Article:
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need a bit of a rant about respite care and the lack of understanding

(6 Posts)
mummeeee Sat 10-Oct-09 17:19:11

prob not going to be able to get it all down as my dd has such complex needs, but just find the whole 'system' so confusing and difficult to handle. Feel like we're navigating our way through a swamp most of the time, just trying to get what I think we're entitled to....or if we're not entitled to it why can't someone just tell me and stop getting my hopes up??!! No health care professionals in the community (hv, community health nurse (paediatrics) or social workers) seem to actually understand what her care involves, or whether this complex care entitles us to any help/respite. However, our hospital consultant is confident we are entitled to it and even that it was included in our original care package when we were discharged from hospital. All I want to know is....are we entitled, if so, where does the money actually come from (as this seems to be everyone's answer i.e. wellllll, not from us you see, it's the PCT blah blah) but how I am I supposed to understand the workings of the health care funding system when as I say none of the health care professionals can give us a definitive answer. Also, how can we actually get the right person's signature on the right bit of paper to actually authorise the 12 hrs/month respite we're told we're entitled to and we want to save up to ensure we have medical cover when I go into labour with baby number 2????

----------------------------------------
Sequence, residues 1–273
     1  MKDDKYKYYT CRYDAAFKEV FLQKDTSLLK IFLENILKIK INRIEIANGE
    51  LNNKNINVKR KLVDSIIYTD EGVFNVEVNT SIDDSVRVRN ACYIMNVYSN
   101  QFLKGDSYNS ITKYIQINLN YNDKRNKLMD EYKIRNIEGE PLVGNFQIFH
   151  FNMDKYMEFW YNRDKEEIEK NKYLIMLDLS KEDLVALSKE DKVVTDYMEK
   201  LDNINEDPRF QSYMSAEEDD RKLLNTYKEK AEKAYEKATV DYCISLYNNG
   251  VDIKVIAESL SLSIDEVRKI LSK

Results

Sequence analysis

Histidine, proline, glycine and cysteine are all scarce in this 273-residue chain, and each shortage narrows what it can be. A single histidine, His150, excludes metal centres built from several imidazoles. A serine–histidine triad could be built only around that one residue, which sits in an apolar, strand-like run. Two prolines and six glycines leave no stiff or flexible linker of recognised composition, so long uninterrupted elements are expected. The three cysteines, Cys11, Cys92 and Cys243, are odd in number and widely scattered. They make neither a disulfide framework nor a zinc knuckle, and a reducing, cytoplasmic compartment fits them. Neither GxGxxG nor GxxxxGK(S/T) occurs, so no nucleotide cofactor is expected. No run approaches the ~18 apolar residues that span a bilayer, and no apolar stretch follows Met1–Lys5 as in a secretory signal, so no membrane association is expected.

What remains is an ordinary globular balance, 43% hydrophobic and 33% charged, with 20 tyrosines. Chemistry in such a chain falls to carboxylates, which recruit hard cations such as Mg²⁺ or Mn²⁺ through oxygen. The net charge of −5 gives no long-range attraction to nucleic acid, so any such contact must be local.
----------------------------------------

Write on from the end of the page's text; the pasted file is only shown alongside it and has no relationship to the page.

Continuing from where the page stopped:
dd is 16 months old & has a serious but very rare medical condition. She became ill without warning at 10 weeks old and spent nearly 6 months in hospital (discharged in Jan 09). she has a central line (semi-permanent iv access) and is connected to an iv drip every night at home and flushed off every morning. dh and I do this every night and morning - if one of us can't be there, we have v kind neighbours who come in and help. Their help involves holding her hands out of the way and keeping her safe (procedure means dh or i need to go to bathroom and wash hands, keep sterile etc, so we can't hold dd still at same time). Hence, it's a 2-person job, and 1 of those 2 people need to be dh or me. Granpdarents live too far away and though we've tried to train them, they're not confident to be able to perform the procedure. It's v difficult to account for all eventualities, so really a v experienced nurse is our only other option. (dd is v prone to infection, regularly hospitalised, pump alarms etc etc)